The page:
Liverpool deli owner found dead after being caught up in kosher meat scandal

Liverpool deli owner found dead after being caught up in kosher meat scandal

Jewish leaders mourn ‘tragic’ death of Robert Kaye, a married father of two; Roseman’s Delicatessen, city’s main outlet for kosher food, was caught selling non-kosher meat

Robert Kaye (Facebook)
Robert Kaye (Facebook)

The owner of the main outlet for kosher food in Liverpool, England, was found dead, just days after his business was caught selling non-kosher meat and poultry, the Liverpool Echo reported Wednesday.

Robert Kaye, a married father of two who owned Roseman’s Delicatessen, was found dead in nearby Manchester, the report said.

His death came after the Liverpool Kashrut Commission said in a letter to residents that “serious breaches of kashrut (Jewish dietary laws) have taken place at Roseman’s Delicatessen.”

Liverpool Jewish community leaders called his death tragic.

“It is with extreme sadness that we heard today of the tragic circumstances of Mr Kaye’s death,” Howard Winik, chairman of the Merseyside Jewish Representatives Council, told the Echo. “The circumstances are very tragic and we send our condolences and very best wishes to his wife and two children.”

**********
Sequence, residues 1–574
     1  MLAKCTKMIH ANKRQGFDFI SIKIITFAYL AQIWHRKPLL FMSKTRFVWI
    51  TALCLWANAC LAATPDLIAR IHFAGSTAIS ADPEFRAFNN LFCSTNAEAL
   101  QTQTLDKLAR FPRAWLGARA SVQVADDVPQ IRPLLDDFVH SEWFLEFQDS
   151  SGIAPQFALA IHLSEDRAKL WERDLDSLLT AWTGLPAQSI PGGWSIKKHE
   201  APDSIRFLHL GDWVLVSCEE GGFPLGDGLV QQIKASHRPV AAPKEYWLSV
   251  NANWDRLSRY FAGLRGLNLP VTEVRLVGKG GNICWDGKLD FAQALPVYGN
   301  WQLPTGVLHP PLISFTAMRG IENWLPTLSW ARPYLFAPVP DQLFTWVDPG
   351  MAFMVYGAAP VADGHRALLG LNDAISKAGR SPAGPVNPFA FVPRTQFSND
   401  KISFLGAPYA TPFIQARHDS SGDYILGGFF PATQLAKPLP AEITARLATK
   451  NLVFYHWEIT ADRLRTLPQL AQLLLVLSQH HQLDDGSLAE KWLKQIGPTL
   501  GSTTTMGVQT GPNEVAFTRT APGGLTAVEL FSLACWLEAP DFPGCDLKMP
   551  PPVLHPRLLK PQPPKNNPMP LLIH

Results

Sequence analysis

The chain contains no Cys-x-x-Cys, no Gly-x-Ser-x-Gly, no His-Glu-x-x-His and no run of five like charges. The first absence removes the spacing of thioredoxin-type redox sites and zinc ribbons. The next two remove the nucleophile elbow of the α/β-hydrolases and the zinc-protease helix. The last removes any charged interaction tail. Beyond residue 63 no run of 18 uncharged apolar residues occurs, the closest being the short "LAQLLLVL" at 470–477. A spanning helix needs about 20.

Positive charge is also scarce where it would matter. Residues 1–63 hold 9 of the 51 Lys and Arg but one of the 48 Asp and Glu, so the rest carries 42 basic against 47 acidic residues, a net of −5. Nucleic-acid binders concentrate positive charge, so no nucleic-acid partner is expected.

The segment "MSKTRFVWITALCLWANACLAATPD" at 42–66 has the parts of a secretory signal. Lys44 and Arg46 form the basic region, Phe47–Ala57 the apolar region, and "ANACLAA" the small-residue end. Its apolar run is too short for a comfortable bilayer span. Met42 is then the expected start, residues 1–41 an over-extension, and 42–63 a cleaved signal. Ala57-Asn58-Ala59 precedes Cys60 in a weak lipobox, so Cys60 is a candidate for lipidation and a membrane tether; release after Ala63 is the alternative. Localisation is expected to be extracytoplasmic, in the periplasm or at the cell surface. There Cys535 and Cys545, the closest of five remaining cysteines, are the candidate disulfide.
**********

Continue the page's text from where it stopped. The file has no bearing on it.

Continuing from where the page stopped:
The Liverpool Kashrut Commission also expressed its regret.

Outside Roseman’s Delicatessen in Liverpool, UK (Google Street View)

“The LKC would like to express its condolences to the family of Mr Robert Kaye upon his sad passing,” it said.

In exposing the kashrut breach, the LCK had called on the store’s patrons not to use “all utensils that have ever been used to cook meat/poultry bought at Roseman’s” and to throw out all food bearing the Liverpool Kashrut Commission symbol. The store also sold prepackaged meat from other suppliers.

The LCK said that synagogue and communal kitchens were being restored to kosher status and that he would soon advise on koshering homes, including ovens.

Roseman’s reportedly denied rumors earlier this year that it was closing down.

The Jewish News wrote in an editorial that “Liverpool has been badly hit by the economic downturn and the effects of austerity. Jewish families, who can ill-afford the higher costs of kosher at the best of times, are not immune. Beyond the immediate cost and disruption to families, there must be a serious investigation into how non-kosher food was sold in good faith as kosher. It’s truly scandalous.”

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